I agree, being afraid and distrustful is no way to go through life, and if I'd been that way I'd have never left small. safe, comfortable Holland. But I did leave,and boy it's been a ride.

It is difficult to find the right balance between common sense and fear, especially if you move from place to place. Environment, cultural issues, customs are different in different countries and what is perfectly fine in one place might get you killed or thrown in jail in another. Again, you gotta use your head.

Which reminds me of a news story years ago of a Danish couple visiting in New York who left their sleeping baby in its stroller outside a coffee shop (I think it was) while they kept an eye on it through the window. They were arrested for child endangerment and the baby was taken into child protective services. A nightmare, as you can imagine.

Again, trust is good, but only in the right place, and apparently not in New York.

Miss Footloose
Tales of the Globetrotting Life

Middle Aged Woman Blogging said...

Trust can make you or break you! Trust your intuition, it does not lie to you!

Erin P said...

I know just what you're saying. I just can't live in a world where I can't walk down the street or feel comfortable doing what I need to do. If I were afraid to take a walk in my city, when and where I do, (I am careful and aware, not oblivious) then I think that life would be just too unpleasant. Sure, there are random rapes and murders, but I simply cannot be fearful of what's normal in my life. My husband can't seem to quite grasp that level of trust--but if I lose that, I'd be miserable.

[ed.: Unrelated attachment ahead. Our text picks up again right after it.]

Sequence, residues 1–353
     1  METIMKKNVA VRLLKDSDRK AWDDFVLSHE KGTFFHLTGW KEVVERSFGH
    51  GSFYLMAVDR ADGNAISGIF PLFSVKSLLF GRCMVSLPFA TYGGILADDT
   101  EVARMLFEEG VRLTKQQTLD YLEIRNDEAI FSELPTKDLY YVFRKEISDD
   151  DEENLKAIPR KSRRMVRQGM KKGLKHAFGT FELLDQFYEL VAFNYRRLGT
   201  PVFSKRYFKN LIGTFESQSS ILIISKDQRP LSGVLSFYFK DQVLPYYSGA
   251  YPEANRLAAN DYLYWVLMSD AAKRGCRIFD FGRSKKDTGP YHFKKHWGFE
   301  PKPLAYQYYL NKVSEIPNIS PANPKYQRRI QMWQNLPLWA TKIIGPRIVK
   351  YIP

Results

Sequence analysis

Amandalyze said...

As always, you make me laugh out loud and read random sentences to my husband. This practice, of course, makes him want to thump me in the head with a pillow for making him hit pause on the DVR for something he didn't solicit to hear pieces of. But I digress. You're still a hoot!

Trust is be easy for me - but only if I am by myself. I fear that I am the LEAST trustful person when I am with my kids. I just can't take any chances. The media doesn't help this, nor does a situation I had when I was 8 months pregnant with my son on a mommy-daughter date with my 13 month old daughter. Details not necessary, but it was SCARY!! But your post made me feel all warm and fuzzy, nonetheless. Cheers for your hubby!


Isabella said...

You're so funny and eloquent, you make me jealous. :P

Ekanthapadhikan said...

Trust, I suppose, is the most difficult thing in life. When you trust you're cheated and when you don't, you miss the chance of a better life!

ellen abbott said...

I'm a big believer in creating your own reality, putting out there what you want to get. How can the world ever get better if no one trusts, if no one ever acts like things are better. So bravo.

ivycats said...

This has been a question for me for a long time -- even though I do not live in a war zone. At this point I've come to "trust has to be earned". If it is true that 4 in 100 people are sociopaths, then this is prudent. I've been hurt, sometimes devastated, because of trusting. There is only one me, and if I don't care for me then that one will be used up or destroyed pretty fast. So, giving where I can and conserving for another day.